...these [NATO contributing] states should focus their commitments on advances in intelligence and special operations – the areas where they can contribute most substantially...

Small states within NATO will never be expected to stop a Russian conventional incursion any more than they were expected to repel an advance on the Fulda Gap during the Cold War. But these states, specifically the Baltics and Norway, can play an important role in combating Russia’s asymmetric strategy. With a return of U.S. armor to Europe and increased NATO troop deployments in the Baltics, including a potentially open-ended U.S. Marine commitment in Norway,[8] NATO’s small states need not increase their financial commitment simply by throwing money at armored and infantry battle orders.[9] Rather, these states should focus their commitments on advances in intelligence and special operations – the areas where they can contribute most substantially.

Taking Advantage of Intelligence

In the U.S. and Western Europe, intelligence tends to be viewed as a comprehensive enterprise. Great powers take an all-source approach, with efforts encompassing OSINT (Open Source Intelligence), HUMINT (Human Intelligence), IMINT (Imagery Intelligence), SIGINT (Signals Intelligence), MASINT (Measurement and Signatures Intelligence), and CTI (Cyber Threat Intelligence). Billions are spent on technical analysis systems, ISR (intelligence surveillance reconnaissance) aircraft, etc. For a small state with limited resources, engaging at an all-source level is too costly, and guarantees a lack of expertise in any of the above fields.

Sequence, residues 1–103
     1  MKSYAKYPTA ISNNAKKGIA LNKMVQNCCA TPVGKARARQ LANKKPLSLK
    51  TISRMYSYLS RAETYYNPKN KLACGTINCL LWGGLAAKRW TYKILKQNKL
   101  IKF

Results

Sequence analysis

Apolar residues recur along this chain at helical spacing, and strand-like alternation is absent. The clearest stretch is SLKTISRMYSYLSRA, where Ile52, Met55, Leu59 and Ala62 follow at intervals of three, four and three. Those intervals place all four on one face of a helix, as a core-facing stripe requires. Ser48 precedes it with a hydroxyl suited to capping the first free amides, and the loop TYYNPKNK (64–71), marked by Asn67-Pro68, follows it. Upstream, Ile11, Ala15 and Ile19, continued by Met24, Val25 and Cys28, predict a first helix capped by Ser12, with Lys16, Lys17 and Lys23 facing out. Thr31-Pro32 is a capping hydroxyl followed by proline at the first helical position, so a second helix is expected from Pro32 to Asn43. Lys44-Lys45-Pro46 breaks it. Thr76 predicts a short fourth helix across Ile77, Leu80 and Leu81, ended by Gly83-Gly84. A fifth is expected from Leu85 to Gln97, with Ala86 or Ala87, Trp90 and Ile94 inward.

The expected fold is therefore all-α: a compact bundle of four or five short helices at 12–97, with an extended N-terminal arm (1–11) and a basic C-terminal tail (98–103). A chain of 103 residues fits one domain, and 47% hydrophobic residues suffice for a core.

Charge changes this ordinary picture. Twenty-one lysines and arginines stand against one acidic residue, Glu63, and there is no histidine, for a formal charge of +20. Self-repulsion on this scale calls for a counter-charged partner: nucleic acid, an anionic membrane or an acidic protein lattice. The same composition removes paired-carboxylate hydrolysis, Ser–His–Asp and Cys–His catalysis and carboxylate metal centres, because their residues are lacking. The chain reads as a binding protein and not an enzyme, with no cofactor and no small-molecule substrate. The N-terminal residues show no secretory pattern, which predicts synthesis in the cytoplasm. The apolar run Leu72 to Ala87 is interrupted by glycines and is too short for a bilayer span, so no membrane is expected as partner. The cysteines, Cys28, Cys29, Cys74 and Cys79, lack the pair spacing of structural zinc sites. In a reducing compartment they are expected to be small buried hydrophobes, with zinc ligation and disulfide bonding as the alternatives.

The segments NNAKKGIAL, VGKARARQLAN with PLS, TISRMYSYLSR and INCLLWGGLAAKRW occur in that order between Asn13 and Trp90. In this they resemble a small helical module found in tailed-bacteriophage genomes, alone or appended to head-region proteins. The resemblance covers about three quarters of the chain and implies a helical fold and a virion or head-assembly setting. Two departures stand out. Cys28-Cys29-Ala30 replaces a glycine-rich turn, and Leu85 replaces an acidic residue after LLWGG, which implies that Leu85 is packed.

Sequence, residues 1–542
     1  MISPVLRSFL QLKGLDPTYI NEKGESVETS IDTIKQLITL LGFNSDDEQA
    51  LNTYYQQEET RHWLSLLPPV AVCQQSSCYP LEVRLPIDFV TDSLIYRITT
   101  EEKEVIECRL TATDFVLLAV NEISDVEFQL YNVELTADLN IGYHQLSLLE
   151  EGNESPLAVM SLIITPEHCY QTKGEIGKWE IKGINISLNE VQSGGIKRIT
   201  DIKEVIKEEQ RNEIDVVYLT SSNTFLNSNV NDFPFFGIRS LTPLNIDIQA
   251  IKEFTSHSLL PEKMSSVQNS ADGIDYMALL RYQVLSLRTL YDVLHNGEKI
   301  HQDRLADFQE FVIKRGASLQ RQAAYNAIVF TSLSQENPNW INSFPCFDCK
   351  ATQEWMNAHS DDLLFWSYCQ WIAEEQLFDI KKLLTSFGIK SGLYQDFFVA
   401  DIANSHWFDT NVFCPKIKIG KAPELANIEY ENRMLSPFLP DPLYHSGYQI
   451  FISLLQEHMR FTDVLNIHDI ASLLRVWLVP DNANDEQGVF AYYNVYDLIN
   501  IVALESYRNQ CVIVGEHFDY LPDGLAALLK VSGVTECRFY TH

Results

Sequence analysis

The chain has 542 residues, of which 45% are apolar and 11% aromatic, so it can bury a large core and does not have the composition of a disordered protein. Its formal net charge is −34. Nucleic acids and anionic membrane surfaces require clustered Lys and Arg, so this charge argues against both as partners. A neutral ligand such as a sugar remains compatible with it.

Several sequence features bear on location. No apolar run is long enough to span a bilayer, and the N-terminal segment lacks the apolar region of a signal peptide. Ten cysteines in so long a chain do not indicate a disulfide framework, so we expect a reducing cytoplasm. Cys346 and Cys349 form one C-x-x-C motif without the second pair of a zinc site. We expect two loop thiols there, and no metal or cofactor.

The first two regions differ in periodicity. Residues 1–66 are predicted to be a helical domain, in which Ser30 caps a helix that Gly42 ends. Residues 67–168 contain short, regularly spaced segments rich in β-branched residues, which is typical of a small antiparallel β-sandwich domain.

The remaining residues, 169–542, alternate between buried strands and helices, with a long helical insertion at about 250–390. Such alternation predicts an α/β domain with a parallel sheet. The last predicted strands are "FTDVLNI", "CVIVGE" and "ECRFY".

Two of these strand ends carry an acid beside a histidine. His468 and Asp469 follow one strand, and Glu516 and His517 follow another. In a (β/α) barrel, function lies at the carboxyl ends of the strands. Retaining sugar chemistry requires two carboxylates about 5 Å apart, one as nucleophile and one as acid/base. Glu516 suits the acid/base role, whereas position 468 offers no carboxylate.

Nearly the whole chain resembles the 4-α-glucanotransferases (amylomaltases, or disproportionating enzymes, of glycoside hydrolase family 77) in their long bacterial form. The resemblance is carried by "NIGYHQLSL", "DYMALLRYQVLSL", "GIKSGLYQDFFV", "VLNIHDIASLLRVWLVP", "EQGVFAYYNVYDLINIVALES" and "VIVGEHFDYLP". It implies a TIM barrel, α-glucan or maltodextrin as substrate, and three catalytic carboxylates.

Instead, small states should become intelligence specialists,[10] mastering a particular discipline and bringing that expertise to bear both at a national and a NATO level, where intelligence fusion is becoming more and more central.[11]

Estonia has already provided a path forward, developing a world-class counterintelligence (CI) service, the Kaitsepolitseiamet (“KaPo”), which is razor-focused on the Russian threat, utilizing language skills and cultural competency that only proximity can provide. The KaPo is considered by many experts to have the best CI operation in Europe.[12] The HUMINT and CTI capabilities needed by Estonia for the CI mission can also be employed towards broader a collection mission. These capabilities, in addition to serving a vital national CI function, can also be utilized more offensively, both for Estonia's national interest and for NATO-level efforts.

The Russian secret services have long made the large Russian-speaking minorities of the Baltics a key component of their hybrid strategy.